Japanese company PowerX has unveiled plans to design and build an automated power transfer vessel to carry electricity from offshore wind farms to shore by 2025. The aim is to enable energy transmission between any two ports on the planet.
PowerX said it will develop a vessel with a massive battery payload that is integrated with the ship’s controls that is resilient to natural disasters, requires less time and cost for development and leaves minimal impact on the environment compared to subsea power cables.
“As the world shifts away from fossil fuels, the energy ship of the future will carry electricity from clean and renewable sources, replacing the fuel-carrying carbon ships of today,” the company said.
The very first model of the so-called Power ARK series, “Power ARK 100”, is a 100 teu trimaran specially designed for transferring renewable energy in Japan’s coastal waters. When completed, the ship will carry 100 grid batteries, or 200 MWh of power, equivalent to the total electricity consumption of 22,000 Japanese households in a day.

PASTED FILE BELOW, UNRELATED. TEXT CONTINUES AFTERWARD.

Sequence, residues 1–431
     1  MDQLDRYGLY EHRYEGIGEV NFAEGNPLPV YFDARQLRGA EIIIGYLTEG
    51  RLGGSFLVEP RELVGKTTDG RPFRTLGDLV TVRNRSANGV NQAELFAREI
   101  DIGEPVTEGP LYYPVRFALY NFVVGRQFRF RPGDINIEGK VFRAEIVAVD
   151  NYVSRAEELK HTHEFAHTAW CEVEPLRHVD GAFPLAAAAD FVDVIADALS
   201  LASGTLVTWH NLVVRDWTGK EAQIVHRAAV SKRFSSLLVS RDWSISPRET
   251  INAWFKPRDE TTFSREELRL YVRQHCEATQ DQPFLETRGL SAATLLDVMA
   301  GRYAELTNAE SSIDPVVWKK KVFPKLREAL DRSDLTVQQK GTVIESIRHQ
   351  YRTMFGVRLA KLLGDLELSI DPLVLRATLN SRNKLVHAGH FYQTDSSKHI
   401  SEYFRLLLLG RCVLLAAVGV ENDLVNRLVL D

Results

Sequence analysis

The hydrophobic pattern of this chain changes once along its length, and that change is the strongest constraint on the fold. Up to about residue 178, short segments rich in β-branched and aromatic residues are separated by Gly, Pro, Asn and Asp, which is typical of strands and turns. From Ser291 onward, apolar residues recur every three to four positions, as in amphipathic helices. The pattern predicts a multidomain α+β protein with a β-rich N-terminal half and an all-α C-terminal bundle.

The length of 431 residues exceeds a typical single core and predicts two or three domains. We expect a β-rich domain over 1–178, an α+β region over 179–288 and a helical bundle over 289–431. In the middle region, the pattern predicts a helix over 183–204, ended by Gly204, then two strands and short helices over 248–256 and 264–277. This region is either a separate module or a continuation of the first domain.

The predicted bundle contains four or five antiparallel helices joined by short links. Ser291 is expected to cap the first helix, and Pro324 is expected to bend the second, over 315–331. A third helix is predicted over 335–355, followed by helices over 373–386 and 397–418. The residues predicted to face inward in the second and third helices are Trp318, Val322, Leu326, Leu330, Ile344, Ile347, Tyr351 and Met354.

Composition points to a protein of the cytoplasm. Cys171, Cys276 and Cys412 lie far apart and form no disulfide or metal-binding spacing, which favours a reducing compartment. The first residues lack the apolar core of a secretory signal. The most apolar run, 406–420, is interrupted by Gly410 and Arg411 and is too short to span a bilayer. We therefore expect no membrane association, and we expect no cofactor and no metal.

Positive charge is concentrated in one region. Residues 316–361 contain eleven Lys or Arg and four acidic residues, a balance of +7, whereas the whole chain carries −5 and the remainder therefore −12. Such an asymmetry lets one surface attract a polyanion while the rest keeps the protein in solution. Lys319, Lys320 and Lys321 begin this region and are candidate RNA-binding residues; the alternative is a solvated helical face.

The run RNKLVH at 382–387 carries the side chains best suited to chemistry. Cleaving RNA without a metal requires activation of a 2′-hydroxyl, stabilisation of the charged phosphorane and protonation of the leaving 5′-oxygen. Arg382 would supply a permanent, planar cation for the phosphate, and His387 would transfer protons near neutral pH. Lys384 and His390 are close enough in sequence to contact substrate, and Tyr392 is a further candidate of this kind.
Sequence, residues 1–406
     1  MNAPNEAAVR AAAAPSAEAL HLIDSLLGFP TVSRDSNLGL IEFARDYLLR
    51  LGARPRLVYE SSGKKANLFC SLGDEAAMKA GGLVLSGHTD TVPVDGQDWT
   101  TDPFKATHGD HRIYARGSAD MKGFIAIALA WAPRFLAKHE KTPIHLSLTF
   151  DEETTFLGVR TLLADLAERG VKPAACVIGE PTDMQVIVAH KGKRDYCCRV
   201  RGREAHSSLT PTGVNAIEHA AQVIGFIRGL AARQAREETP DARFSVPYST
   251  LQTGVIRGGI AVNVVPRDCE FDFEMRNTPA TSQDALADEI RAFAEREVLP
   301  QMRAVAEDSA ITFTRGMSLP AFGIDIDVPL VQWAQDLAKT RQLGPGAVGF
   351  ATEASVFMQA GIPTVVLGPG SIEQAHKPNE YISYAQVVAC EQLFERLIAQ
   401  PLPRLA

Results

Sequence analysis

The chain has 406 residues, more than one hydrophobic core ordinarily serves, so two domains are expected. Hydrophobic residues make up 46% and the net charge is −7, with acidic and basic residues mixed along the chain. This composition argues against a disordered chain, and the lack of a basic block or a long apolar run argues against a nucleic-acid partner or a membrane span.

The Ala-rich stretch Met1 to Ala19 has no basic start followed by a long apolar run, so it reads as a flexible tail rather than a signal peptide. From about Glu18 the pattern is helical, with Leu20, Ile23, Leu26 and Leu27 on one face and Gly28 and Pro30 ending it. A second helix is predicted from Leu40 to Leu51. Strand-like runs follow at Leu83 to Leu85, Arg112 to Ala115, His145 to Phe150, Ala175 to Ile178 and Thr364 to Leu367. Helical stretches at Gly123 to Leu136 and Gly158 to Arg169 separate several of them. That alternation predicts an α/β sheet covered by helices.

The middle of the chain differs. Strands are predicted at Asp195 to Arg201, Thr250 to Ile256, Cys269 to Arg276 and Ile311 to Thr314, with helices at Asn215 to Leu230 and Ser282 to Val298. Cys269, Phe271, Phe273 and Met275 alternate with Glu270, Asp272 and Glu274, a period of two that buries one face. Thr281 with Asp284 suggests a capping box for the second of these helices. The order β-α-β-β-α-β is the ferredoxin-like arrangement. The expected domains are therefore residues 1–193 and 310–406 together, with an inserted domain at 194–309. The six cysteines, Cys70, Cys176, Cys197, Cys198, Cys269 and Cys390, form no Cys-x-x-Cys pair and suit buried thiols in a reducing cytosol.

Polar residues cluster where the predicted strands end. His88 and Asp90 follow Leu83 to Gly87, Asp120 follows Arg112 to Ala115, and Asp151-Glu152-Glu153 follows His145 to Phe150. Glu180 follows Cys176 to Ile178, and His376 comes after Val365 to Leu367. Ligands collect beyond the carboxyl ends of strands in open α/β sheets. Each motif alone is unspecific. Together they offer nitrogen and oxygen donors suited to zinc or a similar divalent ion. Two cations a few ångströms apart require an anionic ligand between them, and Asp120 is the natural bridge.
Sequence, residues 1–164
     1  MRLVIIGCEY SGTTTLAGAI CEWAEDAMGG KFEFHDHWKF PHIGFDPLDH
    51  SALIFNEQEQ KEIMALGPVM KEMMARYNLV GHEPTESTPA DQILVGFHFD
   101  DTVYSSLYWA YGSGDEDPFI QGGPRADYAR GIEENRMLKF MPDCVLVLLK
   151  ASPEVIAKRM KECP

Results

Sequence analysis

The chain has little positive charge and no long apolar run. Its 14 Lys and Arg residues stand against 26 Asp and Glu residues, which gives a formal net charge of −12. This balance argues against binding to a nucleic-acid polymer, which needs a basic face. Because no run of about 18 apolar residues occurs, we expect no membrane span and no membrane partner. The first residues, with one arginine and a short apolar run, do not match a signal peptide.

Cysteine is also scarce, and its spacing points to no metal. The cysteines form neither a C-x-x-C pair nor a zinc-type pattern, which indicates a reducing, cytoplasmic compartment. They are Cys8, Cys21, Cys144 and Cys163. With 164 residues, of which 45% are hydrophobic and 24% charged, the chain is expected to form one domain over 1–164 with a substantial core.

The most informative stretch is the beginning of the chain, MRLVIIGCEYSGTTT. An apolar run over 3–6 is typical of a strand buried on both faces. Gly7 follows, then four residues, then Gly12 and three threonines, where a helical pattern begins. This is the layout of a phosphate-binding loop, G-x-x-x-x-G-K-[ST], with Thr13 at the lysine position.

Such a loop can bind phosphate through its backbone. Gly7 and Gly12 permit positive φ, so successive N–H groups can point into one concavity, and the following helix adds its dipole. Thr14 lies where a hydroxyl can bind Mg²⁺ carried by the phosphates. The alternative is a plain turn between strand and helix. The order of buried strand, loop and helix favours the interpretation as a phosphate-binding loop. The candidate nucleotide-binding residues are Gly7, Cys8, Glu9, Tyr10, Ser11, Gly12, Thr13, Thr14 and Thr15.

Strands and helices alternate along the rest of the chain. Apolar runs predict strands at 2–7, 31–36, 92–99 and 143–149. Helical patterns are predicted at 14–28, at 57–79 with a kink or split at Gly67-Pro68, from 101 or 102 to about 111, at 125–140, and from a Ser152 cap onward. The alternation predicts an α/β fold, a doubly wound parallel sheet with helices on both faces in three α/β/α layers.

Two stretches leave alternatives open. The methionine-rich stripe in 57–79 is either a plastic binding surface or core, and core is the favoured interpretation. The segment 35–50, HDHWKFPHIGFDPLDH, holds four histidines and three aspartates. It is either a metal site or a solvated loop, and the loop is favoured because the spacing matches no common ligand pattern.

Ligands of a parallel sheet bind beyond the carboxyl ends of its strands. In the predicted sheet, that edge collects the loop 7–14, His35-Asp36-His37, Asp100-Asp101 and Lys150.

The vessel can travel up to 300 km when running only on electricity and will be able to unlock long-distance, intercontinental clean power transmission when it is powered by both electricity and sustainable biodiesel fuel.
To realise its vision, PowerX will also be building a giga-scale battery assembly facility in Japan to mass-produce batteries for the next generation of energy transfer ships. The factory’s annual production capacity will reach 1 GWh by 2024, and will eventually reach 5 GWh by 2028.
Currently, Paolo Cerruti, co-founder and COO of Northvolt, Caesar Sengupta, ex-VP and general manager at Google, and Mark Tercek, former CEO of The Nature Conservancy and former partner at Goldman Sachs, are the non-executive directors of PowerX.